It came with the installation of “stakeholders,” another name for apparatchiks or party members, into officialdom. With the United Nations came the recognition of non-governmental agencies, something I learned about after serving as chapter president of such a nonprofit before I knew better. Over the last 50 years, the voice of so-called stakeholders has increased in influencing legislation, mostly through the legitimization of these special interest groups via the UN. These days, such organizations are ubiquitous. Everybody with a beef that sets up a nonprofit (the proliferation of 501s) and cries about injustice is given credence as a stakeholder.

Saving America in the face of leftists canceling law and order

Aug 9, 2018 — A. Dru Kristenev

Winston Churchill: The fascists of the future will call themselves anti-fascists
The conundrum facing President Trump, his administration and the majority of Americans who now support his agenda (for the numbers have swelled in the wake of the president’s successes) is battling blatant outlaws holding elected office and on the streets.

There is a concerted effort by leftists to destroy the fabric of our nation, calling it and those who stand by its founding precepts, everything from “unfair”—the crybaby wail, to “immoral”—the depraveds’ accusation. Both charges (and everything in between) are made by self-proclaimed arbiters of fairness and morality who do not apply the concepts to themselves. They wouldn’t know how to examine their own conscience if they had one, but deriding others’ is perfectly acceptable.

Twitter, Facebook and the war against logic

Jul 29, 2018 — A. Dru Kristenev

Twitter, Facebook and the war against logic
It really isn’t any surprise that social media giants are taking heat this last week for the ill thought-out actions of constraining free speech on their platforms.

Taking punitive action against individuals under the guise of saving users the pain of glimpsing an offensive meme, comment or video, Facebook, Twitter and Google-owned YouTube has been deleting, locking and hiding content of targeted accounts. Not only have they demonetized accounts of popular personalities like Diamond and Silk, the black female duo leading the pack of Trump supporters, but they have refused ads from republican politicians such as Tennessee Senate Candidate Marsha Blackburn and limited access to posts by RNC Chair Ronna McDaniel and Representative Jim Jordan.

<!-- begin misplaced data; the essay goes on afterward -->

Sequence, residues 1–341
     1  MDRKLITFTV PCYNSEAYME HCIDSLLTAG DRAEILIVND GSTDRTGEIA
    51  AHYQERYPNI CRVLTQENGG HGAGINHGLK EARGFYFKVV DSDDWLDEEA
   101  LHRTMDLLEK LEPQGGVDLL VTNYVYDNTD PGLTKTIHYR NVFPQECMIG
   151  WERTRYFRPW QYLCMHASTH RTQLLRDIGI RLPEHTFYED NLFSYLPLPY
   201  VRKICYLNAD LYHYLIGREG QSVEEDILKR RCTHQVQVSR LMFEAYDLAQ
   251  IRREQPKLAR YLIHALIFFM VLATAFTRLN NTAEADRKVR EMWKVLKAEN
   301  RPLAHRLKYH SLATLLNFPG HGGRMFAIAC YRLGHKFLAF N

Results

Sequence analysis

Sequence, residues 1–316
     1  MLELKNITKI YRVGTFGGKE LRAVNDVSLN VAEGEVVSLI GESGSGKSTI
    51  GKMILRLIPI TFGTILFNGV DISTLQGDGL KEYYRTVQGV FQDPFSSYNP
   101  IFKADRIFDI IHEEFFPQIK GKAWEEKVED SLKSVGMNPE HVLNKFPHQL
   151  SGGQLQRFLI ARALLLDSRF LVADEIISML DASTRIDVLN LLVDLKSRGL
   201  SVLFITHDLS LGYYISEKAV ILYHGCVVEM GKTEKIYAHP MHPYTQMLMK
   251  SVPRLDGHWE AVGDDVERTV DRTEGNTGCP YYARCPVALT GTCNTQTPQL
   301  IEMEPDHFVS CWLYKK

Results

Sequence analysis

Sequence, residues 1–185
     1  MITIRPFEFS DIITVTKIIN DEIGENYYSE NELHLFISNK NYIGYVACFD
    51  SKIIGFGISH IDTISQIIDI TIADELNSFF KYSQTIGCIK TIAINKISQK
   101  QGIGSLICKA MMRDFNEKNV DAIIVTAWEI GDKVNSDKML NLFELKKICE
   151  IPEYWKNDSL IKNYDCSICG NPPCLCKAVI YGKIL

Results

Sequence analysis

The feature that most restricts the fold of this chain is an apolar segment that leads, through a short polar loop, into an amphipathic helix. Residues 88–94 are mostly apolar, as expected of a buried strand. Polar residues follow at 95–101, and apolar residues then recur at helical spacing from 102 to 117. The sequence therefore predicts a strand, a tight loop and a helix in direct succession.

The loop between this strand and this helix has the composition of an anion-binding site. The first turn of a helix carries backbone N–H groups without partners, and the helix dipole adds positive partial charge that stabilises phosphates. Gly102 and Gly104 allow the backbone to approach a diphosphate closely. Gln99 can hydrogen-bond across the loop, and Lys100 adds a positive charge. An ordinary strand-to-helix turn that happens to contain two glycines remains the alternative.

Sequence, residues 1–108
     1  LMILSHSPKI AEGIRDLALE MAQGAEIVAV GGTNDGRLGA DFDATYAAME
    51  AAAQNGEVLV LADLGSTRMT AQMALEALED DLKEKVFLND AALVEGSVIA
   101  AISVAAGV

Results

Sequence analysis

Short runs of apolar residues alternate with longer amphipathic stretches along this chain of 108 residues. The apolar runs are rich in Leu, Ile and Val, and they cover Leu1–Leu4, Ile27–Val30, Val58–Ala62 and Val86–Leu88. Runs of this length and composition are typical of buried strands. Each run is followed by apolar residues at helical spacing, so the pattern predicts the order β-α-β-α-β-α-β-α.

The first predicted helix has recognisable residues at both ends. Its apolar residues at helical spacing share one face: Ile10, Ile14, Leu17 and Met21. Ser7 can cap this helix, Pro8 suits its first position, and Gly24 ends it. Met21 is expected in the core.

Detaining illegal immigrant children counterproductive, expensive

Jul 18, 2018 — A. Dru Kristenev

Detaining illegal immigrant children counterproductive, expensive
Hiding behind the detention of children by mischaracterizing the situation as child abuse, the left has gone beyond placing the United States in a precarious position. It has created yet another industry based on waste and fraud. The fraud comes in the form of lying about the woes of incarcerated children in order to bilk the government of hundreds of millions of dollars and anchor illegal aliens within the electorate.

Strange as this sounds, both situations have been documented. Furthering the bogus nature of the “emergency,” businesses and nonprofits have created a burgeoning trade providing shelter for these displaced children by sponging off government, i.e. the taxpayers.

Reviving journalism

Jul 5, 2018 — A. Dru Kristenev

Reviving journalism
Going from spin to facts, vagueness to specifics and inferences to full quotes. This is part of what it would take to revive journalism.

Simple, right? In reality, hardly possible in a world where journalism schools have mostly been redesignated schools of communications, which is a completely different and oppositional field of study.

Consider what news writing was intended to be—journaling the occurrences of the day. Keeping a public diary, in a manner of speaking, without personal commentary. “Communicating” emotions and responses to occurrences is what it has become.

Paradox of genetic engineering

Jun 25, 2018 — A. Dru Kristenev

Paradox of genetic engineering
After all the years of telling us that genetic engineering is unhealthy for people and upsets the natural order of the environment, advocates of all things organic are finding themselves in something of a bind.